By Joseph D’Andrea
The Manhasset-Lakeville Fire Department’s Board of Fire Commissioners’ vote to authorize a new ambulance unit building at 70 Cumberland Avenue in Lake Success, previously due to take place on June 6, has been delayed to a future date.
The reasoning given for the postponement is the board’s desire to conduct a traffic study in the area in which the proposed building would be built, an issue that was voiced by the public during the district’s last public hearing.
All three commissioners gave approval to conduct the traffic study, to move forward in the building’s process.
“We have no timeframe on the traffic study, but we’re working on it now,” Commissioner Mark Sauvigne told Blank Slate Media.
Unlike the large turnout last Tuesday, no attendees from the public were present Tuesday.
The board noted that they had hoped for more attendees, especially considering their announcement of the meeting to the public and coverage by the press.
If approved, the district would build a two-story, 5,168-square-foot building that has four bays, three for the unit’s ambulances and one for the first response vehicle, among other things.
Anticipated hard costs of the project, which account for the physical materials, labor and equipment that go into the construction of the building, is $9,590,544.
The fire department is part of the Manhasset-Lakeville Fire and Water District, which owns the proposed land and takes in all of Manhasset except for Plandome, half of Great Neck and some of northern New Hyde Park.
The district serves approximately 45,000 customers within a service area of 10.2 square miles, according to its website.
A handful of residents expressed concerns with a project such as this one progressing without a traffic study conducted during a public meeting last week.
“I feel like this project is getting rammed down our throats,” Great Neck’s Adrienne Vaultz said during the public portion of the meeting. “They are not considering our quality of life or the safety of our children.”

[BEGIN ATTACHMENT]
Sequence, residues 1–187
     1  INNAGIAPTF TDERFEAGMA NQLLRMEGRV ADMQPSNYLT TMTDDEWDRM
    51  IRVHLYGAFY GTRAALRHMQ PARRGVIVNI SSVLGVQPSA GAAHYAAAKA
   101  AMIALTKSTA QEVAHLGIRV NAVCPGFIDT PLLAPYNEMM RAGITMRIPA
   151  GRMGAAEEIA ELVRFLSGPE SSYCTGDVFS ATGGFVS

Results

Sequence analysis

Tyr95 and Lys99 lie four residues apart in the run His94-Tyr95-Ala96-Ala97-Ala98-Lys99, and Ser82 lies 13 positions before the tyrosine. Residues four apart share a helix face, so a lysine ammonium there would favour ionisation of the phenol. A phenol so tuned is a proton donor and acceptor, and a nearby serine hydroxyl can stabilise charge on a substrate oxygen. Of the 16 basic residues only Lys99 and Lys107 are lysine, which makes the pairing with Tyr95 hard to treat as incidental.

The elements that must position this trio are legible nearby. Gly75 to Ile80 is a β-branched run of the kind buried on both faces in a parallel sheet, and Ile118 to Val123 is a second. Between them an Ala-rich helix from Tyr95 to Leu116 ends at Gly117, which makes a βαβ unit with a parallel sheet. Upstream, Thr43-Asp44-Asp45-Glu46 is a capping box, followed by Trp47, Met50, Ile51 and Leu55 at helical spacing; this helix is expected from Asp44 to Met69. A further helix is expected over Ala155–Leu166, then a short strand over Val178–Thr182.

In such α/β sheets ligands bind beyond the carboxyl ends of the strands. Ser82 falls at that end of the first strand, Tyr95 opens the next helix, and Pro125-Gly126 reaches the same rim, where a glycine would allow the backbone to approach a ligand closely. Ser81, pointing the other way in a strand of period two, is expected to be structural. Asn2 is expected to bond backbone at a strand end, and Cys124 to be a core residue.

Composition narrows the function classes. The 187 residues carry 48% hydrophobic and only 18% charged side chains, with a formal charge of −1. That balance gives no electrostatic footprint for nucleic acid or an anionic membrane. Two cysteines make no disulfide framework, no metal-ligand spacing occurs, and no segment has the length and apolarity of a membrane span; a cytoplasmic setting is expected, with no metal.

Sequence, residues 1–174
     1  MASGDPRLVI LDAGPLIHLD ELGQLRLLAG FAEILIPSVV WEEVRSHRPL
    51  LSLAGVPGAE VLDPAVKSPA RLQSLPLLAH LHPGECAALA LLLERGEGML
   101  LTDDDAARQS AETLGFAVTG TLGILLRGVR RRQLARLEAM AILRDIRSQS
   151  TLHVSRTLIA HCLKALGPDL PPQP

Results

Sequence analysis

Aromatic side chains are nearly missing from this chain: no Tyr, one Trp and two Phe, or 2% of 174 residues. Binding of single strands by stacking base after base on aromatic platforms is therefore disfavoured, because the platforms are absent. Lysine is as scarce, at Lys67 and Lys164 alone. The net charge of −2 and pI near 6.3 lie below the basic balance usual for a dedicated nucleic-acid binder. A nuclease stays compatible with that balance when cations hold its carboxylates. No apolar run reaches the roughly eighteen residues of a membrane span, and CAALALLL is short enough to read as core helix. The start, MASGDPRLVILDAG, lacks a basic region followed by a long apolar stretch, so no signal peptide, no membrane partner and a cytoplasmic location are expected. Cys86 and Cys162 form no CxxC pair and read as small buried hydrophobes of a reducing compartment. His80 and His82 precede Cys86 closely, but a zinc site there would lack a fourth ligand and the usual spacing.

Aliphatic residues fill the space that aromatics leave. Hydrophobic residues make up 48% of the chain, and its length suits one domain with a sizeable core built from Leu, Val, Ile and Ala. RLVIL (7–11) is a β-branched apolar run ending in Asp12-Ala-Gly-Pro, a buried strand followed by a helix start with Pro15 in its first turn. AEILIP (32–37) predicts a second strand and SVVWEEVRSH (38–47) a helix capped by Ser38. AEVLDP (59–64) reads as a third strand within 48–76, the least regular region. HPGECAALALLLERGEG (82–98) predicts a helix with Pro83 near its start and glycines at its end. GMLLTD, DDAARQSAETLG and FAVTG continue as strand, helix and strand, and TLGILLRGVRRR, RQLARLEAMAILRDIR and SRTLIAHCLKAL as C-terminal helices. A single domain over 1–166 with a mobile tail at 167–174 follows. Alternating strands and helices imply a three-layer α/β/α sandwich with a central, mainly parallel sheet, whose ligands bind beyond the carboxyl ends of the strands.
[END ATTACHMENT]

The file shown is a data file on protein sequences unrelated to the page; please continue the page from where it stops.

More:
Jay Chagrin, Village of Thomaston trustee, said he was concerned with the increase in taxes and inquired if the village can reconfigure the existing company No. 3 to fit both units.
Sauvigne said the increase in taxes would not pierce the 2% state-mandated tax cap and that reconfiguring existing properties was considered in years past but not feasible.
North Hempstead resident Constantin Arama said there is no sidewalk on the street and children could be in danger when the ambulance leaves the station.
“The street is very tight and very narrow,” Arama said. “There are hidden driveways. Safety and functionality might be a big issue with this project.”
Residents pointed out that east end of Cumberland, the corner it intersects with Allen Drive, has a nearly 90-degree turn with no stop sign.
The district owns the land on Cumberland where the proposed unit would go. Included in the district’s service area is all of Manhasset except for Plandome, half of Great Neck and some of northern New Hyde Park.
Last week’s meeting got increasingly tense when Brian Kenny, a volunteer in the department for 59 years, brought up concerns with both the project and the department itself.
Kenny said he understands the district spent a lot of time and research on the location but should have knocked on doors in the area to gauge resident feedback.
Kenny also sent a letter to residents detailing his opposition to the department prior to the meeting, saying the department needs more volunteers, not a new firehouse.
“It is the excess spending and waste of your taxpayer dollars by the fire district that will offer no further protection to the occupants of the district that I object to,” Kenny said in his letter.
Additional reporting by Brandon Duffy